Brahm anas and the orthodox community did not enco u rag e Buddha,
and regarded him as, more or less, an enem y of orthodoxy. Buddha

‘ I le used to say, as we learn from the TaUvasaiHuraha (sec Foreword,

i».eiv): q/lvt fSnpft.sro mnfr * § i

ha<l naturally to be content with the vast m ajority of th e V rä ty a s

and the aboriginal inhabitants, who were not raised to the status of
the &Ci<lras probably because of their not gettin g any opportunity
ot com ing in contact with orthodox Brahm anism . I t was perhaps
for this reason that he discarded the use of S a n s k r it as a medium
for his preachings, but em ployed the v ernaculars for the purpose.
It was also «\remarkable fact that Buddha did not write any co m ­
prehensive treatises, em bodying his general conclu sions and his
philosophy. Me taught e v e ry th in g orally, and these te ach in g s
were collected after his death in a literature which cam e to be
known as the Buddhist T r ip ita k a . W h e n he was living he taught
differen tly to different people with d ifferent m entality and a
d ifferen t degree of understanding faculty. I t is for tin s reason
that co n trad iction s are som etim es noticeable in his teach ing s on
th e same to p ic .1
T h e theory of transm igration .aid the consequential chain of
b irth s and rc-births he took for granted without stopping for a
mom ent to prove it. S im ila rly , he took em ancipation as a settled
fact and the theory of K arm a in the same way. H e believed in the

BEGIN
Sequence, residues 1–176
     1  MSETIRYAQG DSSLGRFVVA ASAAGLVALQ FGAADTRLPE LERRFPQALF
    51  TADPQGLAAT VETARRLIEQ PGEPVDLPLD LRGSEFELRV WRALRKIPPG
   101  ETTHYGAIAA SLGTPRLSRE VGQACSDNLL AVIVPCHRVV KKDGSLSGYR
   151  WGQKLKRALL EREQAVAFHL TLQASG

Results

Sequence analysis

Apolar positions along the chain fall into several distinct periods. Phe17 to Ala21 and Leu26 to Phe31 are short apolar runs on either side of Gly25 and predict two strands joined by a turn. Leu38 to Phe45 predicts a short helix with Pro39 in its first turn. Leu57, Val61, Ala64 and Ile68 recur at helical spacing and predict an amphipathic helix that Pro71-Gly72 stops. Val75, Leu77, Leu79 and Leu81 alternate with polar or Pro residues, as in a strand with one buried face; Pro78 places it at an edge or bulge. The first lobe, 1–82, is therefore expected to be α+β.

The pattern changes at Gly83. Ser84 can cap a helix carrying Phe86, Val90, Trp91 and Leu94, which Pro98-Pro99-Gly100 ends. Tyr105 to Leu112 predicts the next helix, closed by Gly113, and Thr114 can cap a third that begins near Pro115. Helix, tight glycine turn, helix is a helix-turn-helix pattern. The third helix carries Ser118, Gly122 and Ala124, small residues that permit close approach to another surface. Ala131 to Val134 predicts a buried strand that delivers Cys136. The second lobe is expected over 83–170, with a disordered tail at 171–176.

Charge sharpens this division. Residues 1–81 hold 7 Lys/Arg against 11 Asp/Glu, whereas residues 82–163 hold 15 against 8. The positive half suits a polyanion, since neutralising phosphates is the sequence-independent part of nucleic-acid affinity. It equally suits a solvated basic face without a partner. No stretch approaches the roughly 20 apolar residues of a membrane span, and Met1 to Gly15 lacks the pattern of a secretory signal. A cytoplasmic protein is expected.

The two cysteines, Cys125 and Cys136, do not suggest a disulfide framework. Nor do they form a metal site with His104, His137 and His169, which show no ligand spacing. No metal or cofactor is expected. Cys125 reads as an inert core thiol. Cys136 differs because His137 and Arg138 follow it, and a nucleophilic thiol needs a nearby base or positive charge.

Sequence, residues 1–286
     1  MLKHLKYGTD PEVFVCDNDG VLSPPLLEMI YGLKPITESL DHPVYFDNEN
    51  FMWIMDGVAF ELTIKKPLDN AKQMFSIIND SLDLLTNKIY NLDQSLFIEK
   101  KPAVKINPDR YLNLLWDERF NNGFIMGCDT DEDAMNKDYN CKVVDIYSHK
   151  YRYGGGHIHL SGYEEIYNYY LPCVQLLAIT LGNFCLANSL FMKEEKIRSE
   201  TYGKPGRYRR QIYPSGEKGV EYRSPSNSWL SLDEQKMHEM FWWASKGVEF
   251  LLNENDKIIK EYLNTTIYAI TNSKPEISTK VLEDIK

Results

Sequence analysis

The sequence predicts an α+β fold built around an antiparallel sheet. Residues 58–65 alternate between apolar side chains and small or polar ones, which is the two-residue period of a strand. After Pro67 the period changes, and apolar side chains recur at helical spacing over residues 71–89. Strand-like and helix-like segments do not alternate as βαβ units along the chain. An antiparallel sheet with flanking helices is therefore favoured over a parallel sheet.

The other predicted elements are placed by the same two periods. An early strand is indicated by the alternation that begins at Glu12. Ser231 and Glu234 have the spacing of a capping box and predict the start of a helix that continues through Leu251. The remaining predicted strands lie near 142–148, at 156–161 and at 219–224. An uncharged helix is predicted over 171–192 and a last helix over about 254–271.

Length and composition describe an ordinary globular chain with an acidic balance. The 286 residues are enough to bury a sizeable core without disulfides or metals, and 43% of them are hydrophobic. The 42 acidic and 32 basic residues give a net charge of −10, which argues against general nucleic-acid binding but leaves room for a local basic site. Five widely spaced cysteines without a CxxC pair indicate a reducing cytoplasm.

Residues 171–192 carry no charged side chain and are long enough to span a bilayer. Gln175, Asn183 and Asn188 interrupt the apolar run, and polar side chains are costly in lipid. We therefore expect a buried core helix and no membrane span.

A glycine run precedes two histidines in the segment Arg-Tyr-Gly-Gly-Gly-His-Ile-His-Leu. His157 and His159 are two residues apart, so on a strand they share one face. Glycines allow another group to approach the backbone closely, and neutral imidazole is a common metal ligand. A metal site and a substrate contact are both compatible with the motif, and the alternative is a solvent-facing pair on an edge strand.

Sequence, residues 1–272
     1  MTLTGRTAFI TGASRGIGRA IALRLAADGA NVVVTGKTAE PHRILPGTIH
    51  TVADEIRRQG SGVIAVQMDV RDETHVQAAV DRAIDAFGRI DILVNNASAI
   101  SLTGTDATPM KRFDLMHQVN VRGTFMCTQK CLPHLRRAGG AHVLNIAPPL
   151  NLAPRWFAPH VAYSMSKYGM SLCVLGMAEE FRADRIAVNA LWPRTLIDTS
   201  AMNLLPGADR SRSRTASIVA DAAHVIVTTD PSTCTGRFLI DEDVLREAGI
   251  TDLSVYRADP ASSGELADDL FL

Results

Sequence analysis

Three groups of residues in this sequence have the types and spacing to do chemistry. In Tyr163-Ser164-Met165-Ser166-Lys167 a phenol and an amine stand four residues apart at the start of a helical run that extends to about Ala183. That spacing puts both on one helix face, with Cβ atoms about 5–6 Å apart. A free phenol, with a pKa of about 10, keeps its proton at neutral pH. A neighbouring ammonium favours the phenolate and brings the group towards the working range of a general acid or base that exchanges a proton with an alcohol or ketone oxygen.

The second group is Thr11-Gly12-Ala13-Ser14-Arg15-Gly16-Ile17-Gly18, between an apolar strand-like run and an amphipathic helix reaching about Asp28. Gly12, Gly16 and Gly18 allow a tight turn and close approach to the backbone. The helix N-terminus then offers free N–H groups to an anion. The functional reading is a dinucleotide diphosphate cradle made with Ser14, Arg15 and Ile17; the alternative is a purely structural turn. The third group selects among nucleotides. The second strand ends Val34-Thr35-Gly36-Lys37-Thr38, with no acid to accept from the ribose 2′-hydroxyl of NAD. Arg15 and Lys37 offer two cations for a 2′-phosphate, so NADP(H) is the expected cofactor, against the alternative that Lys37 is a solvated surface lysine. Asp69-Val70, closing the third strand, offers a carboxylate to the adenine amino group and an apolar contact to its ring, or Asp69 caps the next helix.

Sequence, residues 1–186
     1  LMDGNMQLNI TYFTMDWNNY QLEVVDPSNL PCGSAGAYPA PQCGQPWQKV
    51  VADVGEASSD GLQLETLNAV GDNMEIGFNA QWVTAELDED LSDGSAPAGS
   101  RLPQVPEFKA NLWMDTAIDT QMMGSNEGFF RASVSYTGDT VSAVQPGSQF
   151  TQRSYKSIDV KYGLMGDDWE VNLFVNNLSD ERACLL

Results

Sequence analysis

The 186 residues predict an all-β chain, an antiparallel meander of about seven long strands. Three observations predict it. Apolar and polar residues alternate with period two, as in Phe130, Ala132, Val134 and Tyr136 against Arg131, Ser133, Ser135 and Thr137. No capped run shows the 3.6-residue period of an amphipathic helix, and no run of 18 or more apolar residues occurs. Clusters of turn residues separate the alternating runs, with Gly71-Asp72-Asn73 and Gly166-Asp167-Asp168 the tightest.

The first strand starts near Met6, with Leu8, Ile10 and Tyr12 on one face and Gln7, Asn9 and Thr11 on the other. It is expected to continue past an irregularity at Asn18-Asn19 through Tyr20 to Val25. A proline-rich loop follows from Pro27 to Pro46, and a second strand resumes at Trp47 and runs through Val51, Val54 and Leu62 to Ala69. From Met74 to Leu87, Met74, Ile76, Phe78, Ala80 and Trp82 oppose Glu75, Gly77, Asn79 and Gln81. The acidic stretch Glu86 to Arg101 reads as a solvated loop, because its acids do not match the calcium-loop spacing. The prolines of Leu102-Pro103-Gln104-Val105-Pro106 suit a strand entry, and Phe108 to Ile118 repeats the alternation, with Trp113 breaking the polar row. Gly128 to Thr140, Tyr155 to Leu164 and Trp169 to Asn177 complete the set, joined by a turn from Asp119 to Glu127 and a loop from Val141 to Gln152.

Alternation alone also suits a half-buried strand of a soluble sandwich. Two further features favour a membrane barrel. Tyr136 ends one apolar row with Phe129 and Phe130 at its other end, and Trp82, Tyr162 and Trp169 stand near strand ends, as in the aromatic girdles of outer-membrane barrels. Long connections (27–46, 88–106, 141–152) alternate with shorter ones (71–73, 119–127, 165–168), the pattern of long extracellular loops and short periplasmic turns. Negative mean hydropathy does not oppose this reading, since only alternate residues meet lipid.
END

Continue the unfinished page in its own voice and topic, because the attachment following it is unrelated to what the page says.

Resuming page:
ea sier method of salvation by th e practice of au sterities, asceticism
and meditation. H e carefully incorporated them into his new
religiou s system and preached them to his people. In his time
people were steeped in absurd superstitions, and invariably sought
to have short-cuts to salvation by easy methods— by the practice
of mantras, the practice of self-mortification, and by various other
p ractice s, some of which were filthy and revolting.* W e have
co n clu siv e evidence that recou rse to m antras was widely taken,
as they were believed to bestow magical powers to the individuals

1 A long discussion on the character of Pudgala as recorded in the

Tattvasafngraha, <>1. 348, 349, is an instance in point.
* For instance, the practices of the Kapälikas, a reference to whom has
been made in the Arthafäsira of Vrhaspati, who is undoubtedly earlier than
Kaufilya. Sec also S.B.E., Vol. X X , p. 89 f.

practising them. Buddha, as a clever organizer, could not fail to

notice this type of mentality amongst the masses, which were his
favourite field of action, and he did not venture to forbid magical
p ractices altogether in his religion, though it is difficult to say
whether he ever l>elievcd in their efficacy.* Moreover, to make his